Montgomery County News, Arkansas - MCNews.online

Solar Wind Sherpas share eclipse knowledge

DEWAYNE HOLLOWAY|dewayne@windstream.net
MOUNT IDA – Expectant eclipse aficionados were treated to a rare glimpse into the history of eclipse observation, as well as current studies being conducted by the Solar Wind Sherpas, a group of scientists visiting Montgomery County from the University of Hawaii.
Shaddai Habbel, the intrepid leader of the Solar Wind Sherpas, spoke to a room full of people eager to learn more about solar eclipses. Her presentation was titled “The Glory of the Sun by Total Eclipses.”

Shadia Habbel, lead scientist with the Solar Wind Sherpas, takes time to further discuss the eclipse with Chance Scott of Conway, Arkansas after her presentation Saturday, April 6. – Photo by Dewayne Holloway

She opened by explaining how total eclipses work. A solar eclipse occurs when the moon passes in front of the sun, blocking out the light. This reveals the corona. Total solar eclipses occur about every 18 months somewhere in the world. The April 8 eclipse had a totality coverage area of just over 100 miles wide.
The first record of a solar eclipse was found in China and dated to the 1300s BC. The first verifiable record of an eclipse dates from about one hundred years later and was found in Syria.
The first recorded prediction of an eclipse found was from the second century BC and was inscribed on an Assyrian Tablet.
Some of the topics covered were the structures found in the corona visible during the totality, how far the corona extends into space, and the Zeiman effect.
A type of spectrometer was first used in 1869 to study the heat of the sun by analyzing the colors found in the light. It took 70 mores years to discover a new color in the corona. It was deduced that the new color was the result of iron being heated to temperatures of two million degrees Fahrenheit. At this temperature the iron loses half its electrons and is no longer magnetic.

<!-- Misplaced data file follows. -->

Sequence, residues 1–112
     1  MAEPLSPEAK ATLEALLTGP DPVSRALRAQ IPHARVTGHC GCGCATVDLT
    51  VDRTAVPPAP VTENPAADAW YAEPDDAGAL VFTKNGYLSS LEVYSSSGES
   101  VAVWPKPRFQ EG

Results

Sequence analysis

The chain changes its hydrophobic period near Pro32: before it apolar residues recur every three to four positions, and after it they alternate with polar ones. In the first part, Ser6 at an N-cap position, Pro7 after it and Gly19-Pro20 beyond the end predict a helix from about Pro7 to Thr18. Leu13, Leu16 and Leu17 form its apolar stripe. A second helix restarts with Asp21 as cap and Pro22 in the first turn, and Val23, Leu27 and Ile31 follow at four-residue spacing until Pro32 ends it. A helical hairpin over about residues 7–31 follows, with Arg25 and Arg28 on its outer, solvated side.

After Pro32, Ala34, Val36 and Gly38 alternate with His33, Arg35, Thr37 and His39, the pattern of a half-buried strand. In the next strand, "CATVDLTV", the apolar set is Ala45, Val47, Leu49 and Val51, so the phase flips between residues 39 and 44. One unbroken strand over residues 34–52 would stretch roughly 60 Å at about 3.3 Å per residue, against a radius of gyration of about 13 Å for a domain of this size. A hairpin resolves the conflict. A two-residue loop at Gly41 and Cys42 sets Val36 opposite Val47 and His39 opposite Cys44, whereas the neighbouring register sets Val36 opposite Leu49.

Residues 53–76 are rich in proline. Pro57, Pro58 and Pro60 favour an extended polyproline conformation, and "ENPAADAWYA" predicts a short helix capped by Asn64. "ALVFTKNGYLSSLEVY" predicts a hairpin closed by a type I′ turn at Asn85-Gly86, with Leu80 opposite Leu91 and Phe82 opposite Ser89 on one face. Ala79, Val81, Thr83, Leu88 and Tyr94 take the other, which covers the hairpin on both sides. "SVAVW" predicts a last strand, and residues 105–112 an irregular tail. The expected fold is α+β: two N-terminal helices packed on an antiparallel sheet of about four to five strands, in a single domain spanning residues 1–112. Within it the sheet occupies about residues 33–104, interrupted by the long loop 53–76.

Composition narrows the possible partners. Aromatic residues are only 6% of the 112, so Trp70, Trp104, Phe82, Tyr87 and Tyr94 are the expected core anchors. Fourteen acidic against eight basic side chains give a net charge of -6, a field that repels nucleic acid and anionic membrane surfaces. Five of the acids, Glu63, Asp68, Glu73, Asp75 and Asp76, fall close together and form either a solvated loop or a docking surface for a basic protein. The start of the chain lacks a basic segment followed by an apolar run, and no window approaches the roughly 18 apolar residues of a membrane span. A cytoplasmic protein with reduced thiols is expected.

One of the implications of this discovery was solar winds, or heat leaving the sun.
The earth is protected from the solar winds by our atmosphere and is no threat to us.
Evidence of solar winds are found in comets and their ionized tails. The aurora borealis is further evidence of solar winds. The aurora borealis occurs when the solar winds impact the upper atmosphere at the North and South Poles.
Habbal turned her attention to her team, The Solar Wind Sherpas, and their research. She explained that their name was the result of her team carrying large packs of equipment everywhere they went in the early days of their research. The packs caused them to look like sherpas on expedition, thus the name.
She observed and gathered data from her first total eclipse in 1995 which she observed in India. The April 8 eclipse was her 20th eclipse to study.
The purpose of their research is the analysis of light. Through multiwavelength eclipse observations they can observe the iron in the corona as it heats and loses electrons. This allows them to measure the temperature fluctuations throughout the corona during the eclipse. They use these measurements to create a temperature map of the corona.
One structure of interest found within the corona are coronal mass ejections, or CMEs. CMEs are “bubbles” which generate from the corona. They appear as arches at the base of the streamers seen jutting out from the corona. The CMEs are the result of much cooler temperatures found at the base of the hottest areas in the corona. With temperatures around 10,000 degrees Fahrenheit, the structures appear red. One could be seen at the southern edge of Monday’s eclipse.

Shadia Habbel, lead scientist with the Solar Wind Sherpas, discusses the Solar Eclipse research she and her team conduct. – Photo by Dewayne Holloway

The Solar Wind Sherpas had three base camps set up for the April 8 eclipse. Habbel led the team which was set up at Forest Farm Retreat Center. The other locations were in Texas and Mexico. Their research was funded by the National Science Foundation.
Her team also utilized large kites and instruments installed on a NASA aircraft. Both of these projects were funded by NASA.
One of the highlights of the day were the brilliant questions asked by a young attendee named Chance Scott from Conway. Chance, who was present with his father, Chris Scott, asked questions regarding the effect heat has on the colors we see in the corona. He questioned the speed of light and how that figures into our view of the eclipse.

 

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